(Photo by Zelda Dominguez)


By Zelda Dominguez

Have you heard the Hebrew word Selah before? It is found at the ending of verses in Psalms. It has been interpreted as an instruction, calling for a break. The Psalms are a collection of songs and poetry. Like in music, an interlude, a rest, or an immediate pause sign can also indicate something more meaningful…it is there for a reason. The word Selah says pause or chew on and savor what was just said. Take that moment to stop, to think about what it says, or to grab your attention.

In March 2020, it was like a big SELAH was written on the pages of our lives. One by one so many parts of our lives were cancelled, closed, or suspended. The world suddenly changed from one day to the next.  Although all our circumstances vary, I can genuinely say we are united in our tears, as well as other ways. Let me share what really has brought me comfort as I paused and focused on this.

In Psalm 23, it speaks of many things, one of which is trust. One of the authors of Psalms is King David who was a shepherd in his youth. He knew firsthand what it was to care for and protect his sheep. David gives us a word picture from his own life and experience. He says in the first verse, The Lord is my shepherd. David spoke here not as the shepherd, but as one of the flock.  He is acknowledging that he belongs to his shepherd. We need to read this verse the same way.

That would make us sheep, and what do we have in common with sheep? I studied some of the characteristic of this animal, and if I am going to be honest, I could identify with some.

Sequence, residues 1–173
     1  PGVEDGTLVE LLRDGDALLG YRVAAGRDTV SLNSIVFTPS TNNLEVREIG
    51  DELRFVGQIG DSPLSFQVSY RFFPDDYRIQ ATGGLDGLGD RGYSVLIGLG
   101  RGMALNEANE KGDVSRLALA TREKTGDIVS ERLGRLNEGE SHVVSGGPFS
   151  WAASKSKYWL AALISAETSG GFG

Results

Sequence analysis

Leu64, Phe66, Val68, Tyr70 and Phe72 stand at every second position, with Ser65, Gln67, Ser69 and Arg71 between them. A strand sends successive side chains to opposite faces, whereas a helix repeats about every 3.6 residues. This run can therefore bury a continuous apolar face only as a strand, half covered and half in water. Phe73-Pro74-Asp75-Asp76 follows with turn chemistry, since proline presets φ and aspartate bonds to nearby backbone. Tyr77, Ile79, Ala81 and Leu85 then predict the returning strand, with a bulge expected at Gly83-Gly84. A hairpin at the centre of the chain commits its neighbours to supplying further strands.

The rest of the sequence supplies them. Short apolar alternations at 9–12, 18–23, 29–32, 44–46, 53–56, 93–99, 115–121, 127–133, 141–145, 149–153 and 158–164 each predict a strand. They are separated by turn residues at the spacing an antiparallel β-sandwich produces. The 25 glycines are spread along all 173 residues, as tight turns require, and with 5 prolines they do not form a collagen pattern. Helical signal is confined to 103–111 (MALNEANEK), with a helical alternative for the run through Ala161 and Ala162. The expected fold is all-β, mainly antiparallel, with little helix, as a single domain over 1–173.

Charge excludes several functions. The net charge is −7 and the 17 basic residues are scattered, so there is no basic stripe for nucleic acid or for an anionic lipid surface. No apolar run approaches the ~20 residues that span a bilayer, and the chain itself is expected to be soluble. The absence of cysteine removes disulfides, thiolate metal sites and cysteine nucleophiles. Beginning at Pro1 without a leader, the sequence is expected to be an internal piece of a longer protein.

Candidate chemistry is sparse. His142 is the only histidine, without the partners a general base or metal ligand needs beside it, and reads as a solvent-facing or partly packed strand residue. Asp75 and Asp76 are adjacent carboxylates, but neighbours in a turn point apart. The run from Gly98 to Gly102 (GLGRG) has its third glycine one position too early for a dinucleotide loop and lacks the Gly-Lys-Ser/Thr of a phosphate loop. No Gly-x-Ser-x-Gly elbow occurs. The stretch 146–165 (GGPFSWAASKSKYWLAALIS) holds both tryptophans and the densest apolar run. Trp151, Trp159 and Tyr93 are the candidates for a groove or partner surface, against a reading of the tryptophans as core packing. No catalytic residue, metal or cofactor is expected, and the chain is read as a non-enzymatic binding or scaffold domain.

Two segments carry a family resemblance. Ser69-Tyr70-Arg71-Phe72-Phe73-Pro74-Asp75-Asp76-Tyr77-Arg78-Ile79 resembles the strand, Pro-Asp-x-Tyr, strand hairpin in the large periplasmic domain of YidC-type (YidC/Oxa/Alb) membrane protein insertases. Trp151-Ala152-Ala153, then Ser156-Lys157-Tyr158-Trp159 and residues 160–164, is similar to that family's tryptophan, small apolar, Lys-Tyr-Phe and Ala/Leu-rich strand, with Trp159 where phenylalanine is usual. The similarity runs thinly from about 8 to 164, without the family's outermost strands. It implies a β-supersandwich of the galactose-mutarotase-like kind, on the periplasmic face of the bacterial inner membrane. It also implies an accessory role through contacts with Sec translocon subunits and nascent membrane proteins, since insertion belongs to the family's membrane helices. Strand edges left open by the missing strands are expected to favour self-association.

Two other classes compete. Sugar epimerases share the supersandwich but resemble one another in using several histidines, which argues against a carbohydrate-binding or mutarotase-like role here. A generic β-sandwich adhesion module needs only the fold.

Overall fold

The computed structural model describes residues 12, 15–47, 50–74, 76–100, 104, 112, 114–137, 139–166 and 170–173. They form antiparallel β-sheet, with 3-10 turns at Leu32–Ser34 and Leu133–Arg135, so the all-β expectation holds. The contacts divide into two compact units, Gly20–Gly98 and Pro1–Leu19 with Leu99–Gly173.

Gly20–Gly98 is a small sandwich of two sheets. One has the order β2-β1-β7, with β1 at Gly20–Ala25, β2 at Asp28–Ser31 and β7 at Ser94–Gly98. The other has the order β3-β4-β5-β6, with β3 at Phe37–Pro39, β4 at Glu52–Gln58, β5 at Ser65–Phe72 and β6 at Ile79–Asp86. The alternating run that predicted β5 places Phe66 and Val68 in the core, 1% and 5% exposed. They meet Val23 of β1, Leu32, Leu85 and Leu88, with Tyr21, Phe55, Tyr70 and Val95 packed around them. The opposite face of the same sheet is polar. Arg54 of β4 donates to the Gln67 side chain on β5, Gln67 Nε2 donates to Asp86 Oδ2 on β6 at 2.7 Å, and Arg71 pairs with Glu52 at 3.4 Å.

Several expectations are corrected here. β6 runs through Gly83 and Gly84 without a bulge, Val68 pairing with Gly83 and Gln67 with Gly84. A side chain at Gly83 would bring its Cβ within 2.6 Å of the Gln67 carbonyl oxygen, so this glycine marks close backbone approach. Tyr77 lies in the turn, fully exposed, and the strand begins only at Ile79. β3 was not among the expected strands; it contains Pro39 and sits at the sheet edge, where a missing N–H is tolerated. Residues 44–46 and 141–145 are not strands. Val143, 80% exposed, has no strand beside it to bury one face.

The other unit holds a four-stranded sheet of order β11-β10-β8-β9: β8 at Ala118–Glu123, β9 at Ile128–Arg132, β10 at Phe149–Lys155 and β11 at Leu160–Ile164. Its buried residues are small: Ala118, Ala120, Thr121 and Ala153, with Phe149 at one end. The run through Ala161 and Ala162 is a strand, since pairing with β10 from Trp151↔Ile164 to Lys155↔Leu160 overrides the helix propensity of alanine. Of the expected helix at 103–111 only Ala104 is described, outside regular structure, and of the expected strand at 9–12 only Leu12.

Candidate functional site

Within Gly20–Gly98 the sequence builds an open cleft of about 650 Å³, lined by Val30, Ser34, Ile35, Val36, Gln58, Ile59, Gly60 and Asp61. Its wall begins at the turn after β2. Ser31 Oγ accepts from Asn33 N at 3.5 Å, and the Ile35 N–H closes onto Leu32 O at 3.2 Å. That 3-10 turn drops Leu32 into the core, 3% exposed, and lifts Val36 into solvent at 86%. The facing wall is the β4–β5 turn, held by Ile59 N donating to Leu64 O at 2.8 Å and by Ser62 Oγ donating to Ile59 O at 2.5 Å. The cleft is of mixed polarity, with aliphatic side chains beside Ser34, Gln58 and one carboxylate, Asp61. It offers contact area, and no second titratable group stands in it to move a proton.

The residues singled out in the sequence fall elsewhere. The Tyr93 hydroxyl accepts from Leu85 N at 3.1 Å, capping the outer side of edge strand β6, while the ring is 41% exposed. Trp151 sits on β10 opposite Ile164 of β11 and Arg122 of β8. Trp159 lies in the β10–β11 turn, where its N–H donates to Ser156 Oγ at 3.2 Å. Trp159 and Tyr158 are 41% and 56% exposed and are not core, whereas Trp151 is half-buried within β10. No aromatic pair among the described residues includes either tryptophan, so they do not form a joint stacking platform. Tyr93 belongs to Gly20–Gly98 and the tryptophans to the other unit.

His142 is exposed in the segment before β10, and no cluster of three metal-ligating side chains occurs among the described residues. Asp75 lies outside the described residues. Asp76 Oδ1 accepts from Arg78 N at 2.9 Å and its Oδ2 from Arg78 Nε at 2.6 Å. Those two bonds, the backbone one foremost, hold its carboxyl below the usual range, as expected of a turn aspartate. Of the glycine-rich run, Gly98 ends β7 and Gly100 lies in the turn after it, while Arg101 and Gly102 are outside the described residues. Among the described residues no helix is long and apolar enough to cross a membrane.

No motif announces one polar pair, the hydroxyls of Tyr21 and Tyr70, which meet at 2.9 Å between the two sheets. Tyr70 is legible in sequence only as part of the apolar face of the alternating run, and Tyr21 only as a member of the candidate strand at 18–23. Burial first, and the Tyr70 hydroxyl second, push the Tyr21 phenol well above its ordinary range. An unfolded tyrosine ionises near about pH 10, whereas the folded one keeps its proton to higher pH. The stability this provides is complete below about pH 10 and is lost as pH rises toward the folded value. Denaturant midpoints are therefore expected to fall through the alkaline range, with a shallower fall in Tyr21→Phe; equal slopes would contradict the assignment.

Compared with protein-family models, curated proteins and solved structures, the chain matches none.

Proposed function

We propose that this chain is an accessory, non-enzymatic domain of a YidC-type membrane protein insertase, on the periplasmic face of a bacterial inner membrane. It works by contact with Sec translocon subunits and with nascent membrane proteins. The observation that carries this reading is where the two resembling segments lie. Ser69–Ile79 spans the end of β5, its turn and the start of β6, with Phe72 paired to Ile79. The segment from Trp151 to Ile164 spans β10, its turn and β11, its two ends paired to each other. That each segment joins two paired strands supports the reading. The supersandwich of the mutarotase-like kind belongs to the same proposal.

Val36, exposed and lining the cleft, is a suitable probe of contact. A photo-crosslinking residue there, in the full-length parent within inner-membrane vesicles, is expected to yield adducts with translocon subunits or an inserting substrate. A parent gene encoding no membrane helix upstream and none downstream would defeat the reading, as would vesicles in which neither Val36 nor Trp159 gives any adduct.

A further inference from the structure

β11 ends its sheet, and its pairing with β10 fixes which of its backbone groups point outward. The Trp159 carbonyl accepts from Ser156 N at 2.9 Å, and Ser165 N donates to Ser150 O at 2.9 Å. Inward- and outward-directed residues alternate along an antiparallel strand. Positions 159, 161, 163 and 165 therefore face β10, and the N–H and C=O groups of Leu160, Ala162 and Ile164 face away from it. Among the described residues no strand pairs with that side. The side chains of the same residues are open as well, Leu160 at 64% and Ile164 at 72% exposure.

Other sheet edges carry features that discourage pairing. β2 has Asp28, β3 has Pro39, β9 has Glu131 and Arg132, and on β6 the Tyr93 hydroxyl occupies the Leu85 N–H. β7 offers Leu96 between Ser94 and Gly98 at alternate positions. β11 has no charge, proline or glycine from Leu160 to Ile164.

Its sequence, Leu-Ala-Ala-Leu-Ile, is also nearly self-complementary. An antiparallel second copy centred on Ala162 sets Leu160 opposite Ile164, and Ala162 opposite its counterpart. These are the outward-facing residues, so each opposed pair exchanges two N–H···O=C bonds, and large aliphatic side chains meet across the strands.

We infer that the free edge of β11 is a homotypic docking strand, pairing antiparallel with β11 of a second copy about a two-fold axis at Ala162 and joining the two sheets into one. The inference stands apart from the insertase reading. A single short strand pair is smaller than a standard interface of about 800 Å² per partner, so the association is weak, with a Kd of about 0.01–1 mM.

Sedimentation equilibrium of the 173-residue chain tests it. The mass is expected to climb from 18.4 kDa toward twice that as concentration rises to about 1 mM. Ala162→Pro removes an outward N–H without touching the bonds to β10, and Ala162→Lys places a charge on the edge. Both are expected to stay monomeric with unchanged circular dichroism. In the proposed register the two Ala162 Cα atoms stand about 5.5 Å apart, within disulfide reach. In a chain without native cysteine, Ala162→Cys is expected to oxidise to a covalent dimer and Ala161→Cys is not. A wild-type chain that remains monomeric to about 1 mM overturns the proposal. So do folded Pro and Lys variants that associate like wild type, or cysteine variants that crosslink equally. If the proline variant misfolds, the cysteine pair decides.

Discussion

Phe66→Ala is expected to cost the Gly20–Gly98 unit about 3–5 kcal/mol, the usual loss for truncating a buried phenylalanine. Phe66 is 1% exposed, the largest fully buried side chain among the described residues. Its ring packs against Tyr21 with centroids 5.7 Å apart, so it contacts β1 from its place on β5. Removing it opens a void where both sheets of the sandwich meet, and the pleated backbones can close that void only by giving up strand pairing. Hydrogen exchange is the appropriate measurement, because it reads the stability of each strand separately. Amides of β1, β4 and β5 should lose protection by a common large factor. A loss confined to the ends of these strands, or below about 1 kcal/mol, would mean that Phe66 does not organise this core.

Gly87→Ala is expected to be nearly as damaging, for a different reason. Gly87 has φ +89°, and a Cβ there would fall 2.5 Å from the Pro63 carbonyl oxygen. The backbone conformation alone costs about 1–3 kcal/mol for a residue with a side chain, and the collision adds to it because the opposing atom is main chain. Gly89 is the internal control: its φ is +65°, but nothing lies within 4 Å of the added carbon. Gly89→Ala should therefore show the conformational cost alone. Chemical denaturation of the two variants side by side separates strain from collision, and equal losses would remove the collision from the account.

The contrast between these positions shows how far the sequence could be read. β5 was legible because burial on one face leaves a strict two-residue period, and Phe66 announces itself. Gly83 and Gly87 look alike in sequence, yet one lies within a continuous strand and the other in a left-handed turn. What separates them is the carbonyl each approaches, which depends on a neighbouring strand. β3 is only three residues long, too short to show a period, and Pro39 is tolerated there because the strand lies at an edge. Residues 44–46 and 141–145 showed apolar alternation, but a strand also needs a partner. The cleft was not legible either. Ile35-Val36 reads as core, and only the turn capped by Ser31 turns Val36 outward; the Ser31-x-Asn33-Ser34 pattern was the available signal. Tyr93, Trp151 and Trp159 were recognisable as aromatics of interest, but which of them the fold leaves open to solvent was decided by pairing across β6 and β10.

Sheep can be….

  • Fearful / Startled
  • Restless / Discontent
  • Followers / Copy-cats
  • Gregarious,
  • Easily Distracted & Swayed
  • Vulnerable / Defenseless
  • Wanderers

Think about it. A sheep wakes up and isn’t worried about what it will eat, or if a predator will strike because it depends on a shepherd who cares for them. The sheep learn to associate the shepherd with their needs being met. When that happens, the shepherd becomes their focus, not their needs. They can be secure in knowing they were in the care of the owner. They lack nothing when they know and trust their shepherd.

We are very much like foolish sheep. It is just a very realistic assessment of who we are and what we need. We are sheep who are completely dependent upon a shepherd… or should be. Our vulnerability is not a liability; God made us for relationship with him. We should humbly admit what is true about us, and elevate God, declaring what is true of Him. Trade in the myth of self-reliance for the truth that God will take care of you no matter what. When you say, “The Lord is my shepherd,” you are saying something that evokes gratitude and security. The rest of the verse says, I shall not want.  Jesus Christ says, I am the Good Shepherd. But He also says, thegood shepherd will lay down his life for the sheep (John 10:11). The shepherd will risk his life to save the sheep and that’s exactly what Jesus did. He willingly gave His life for us.

Shepherds choose and purchase their sheep. Before I received Christ as my Lord and Savior, I was lost, discontent, felt unloved, and wandered without hope. Knowing about Him isn’t the same as knowing Him. I’ve been reminded again during this pause of being in lockdown that I belong to Christ and I am in His care. Do you belong to the Shepherd?